Memorial Day

Towards the end of the song Memorial Day (on the album Bastard Life or Clarity), Russell talks about his memories of his grandfather, a WWII veteran who served in the Pacific in 1944. For him a simple meal of rice could bring back intense memories of the war. The story takes me back to dinners with my grandfather, who served in WWII and the Korean War and was a prisoner of war twice in Korea. His memories of famine, shared by his captors and his rescuers (Korean civilians) made it unthinkable to leave a grain of rice on his plate at the end of a meal, though his appetite was poor and his digestion worse.

I have always had trouble writing poetry with refrains, but in the WWII prisoner of war drama Hart’s War, I found a subject that allowed me to use repetition to moralize on the action of the poem, which saves subtlety, so I wrote several villanelles about the movie. It’s easy to say Hollywood makes too much of honor and war valor, but this movie has plenty of subversive things to say about courage. Villanelles are an especially difficult verse form, but I was pleased with these two results.

I.

The courage to survive bends like a slender flame,
or like a naked tree in falling snow, shifting,
sometimes forthright and others tender, touched by shame.

I stared into the sky, struck down, the human frame
of the surrounding snow a company, drifting.
The courage to survive bends like a slender flame.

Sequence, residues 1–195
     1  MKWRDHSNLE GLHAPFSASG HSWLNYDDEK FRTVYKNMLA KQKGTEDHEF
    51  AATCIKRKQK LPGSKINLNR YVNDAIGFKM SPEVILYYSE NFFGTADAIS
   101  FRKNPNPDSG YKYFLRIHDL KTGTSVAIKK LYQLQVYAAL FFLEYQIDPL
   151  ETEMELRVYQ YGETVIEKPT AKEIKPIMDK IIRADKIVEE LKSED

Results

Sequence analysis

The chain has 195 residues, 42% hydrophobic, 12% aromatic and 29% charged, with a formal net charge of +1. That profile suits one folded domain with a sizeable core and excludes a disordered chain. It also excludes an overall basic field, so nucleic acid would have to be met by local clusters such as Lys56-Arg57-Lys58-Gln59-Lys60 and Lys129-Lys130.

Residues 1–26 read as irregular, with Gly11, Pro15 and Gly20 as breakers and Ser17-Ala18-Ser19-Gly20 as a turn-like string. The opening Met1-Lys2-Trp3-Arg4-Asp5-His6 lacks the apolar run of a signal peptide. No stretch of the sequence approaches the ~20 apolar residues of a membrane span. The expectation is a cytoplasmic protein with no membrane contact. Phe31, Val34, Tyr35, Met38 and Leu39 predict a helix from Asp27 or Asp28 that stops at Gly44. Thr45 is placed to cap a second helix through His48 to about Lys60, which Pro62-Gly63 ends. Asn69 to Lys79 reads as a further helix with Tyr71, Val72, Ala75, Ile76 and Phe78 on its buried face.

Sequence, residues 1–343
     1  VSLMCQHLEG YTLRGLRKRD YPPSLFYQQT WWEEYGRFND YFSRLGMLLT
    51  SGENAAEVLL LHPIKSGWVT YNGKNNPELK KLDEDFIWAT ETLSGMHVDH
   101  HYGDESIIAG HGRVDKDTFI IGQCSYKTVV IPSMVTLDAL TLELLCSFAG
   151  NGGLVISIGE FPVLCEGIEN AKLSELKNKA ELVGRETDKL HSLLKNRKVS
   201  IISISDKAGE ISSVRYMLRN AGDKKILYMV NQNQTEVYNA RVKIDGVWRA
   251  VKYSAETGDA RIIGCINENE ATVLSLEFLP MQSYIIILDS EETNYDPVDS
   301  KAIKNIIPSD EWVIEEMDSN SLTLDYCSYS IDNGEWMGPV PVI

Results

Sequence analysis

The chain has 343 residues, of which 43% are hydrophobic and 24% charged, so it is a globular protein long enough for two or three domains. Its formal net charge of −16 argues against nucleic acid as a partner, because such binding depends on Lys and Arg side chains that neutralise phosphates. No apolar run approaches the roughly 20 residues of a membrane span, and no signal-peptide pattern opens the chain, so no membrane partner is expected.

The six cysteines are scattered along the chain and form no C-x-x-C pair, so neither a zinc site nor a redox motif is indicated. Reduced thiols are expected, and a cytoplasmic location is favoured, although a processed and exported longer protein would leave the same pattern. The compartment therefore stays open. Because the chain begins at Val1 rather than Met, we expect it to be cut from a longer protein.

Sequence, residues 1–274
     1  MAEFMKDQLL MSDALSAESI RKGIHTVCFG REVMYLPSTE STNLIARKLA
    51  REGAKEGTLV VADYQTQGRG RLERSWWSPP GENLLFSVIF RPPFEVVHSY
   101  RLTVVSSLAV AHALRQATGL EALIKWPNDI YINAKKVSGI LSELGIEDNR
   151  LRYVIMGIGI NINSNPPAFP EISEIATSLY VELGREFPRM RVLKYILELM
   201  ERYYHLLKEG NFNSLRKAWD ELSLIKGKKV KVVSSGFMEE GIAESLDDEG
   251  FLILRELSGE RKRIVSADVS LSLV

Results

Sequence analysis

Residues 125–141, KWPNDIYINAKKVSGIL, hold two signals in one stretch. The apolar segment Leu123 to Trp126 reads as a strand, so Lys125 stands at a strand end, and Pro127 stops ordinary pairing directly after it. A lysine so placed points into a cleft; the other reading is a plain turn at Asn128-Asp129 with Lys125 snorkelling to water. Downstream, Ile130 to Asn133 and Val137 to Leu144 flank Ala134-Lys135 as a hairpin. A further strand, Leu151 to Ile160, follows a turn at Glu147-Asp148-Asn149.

I felt the silence like an elegy’s bleak claim,
as though the soundless wind spoke of their stolen spring,
sometimes forthright and others tender, touched by shame.

Imprisoned, I confessed in a steady tone: name,
rank and serial number. He went on, smoking.
The courage to survive bends like a slender flame.

Always polite, he only hinted threats, and blamed
others when he found me crouching naked, shaking,
sometimes forthright and others tender, touched by shame.

All he wanted was fuel tank positions, fair game,
blood need not spill on my account. I was breaking.
The courage to survive bends like a slender flame,
sometimes forthright and others tender, touched by shame.

IV.

To witness evil is to be a bystander,
complicit by standing aside and surviving.
To see in yourself the seeds of change is bitter.

There is shame in fellow-feeling if the danger
passes you over, you hang your head escaping.
To witness evil is to be a bystander.

The hope of confronting evil pleases soldiers,
but soldiers are men who smile darkly on fighting.
To see in yourself the seeds of change is bitter.

When the chain of command is the battlefield, their
smiles are stiff and unflinchingly self-effacing.
To witness evil is to be a bystander.

There is a sweetness to the man who smarts under
abused authority, his shame-faced fidgeting.
To see in yourself the seeds of change is bitter.

But for him to take a stand is radical, your
instinct is to brush off the excess of feeling.
To witness evil is to be a bystander;
to see in yourself the seeds of change is bitter.

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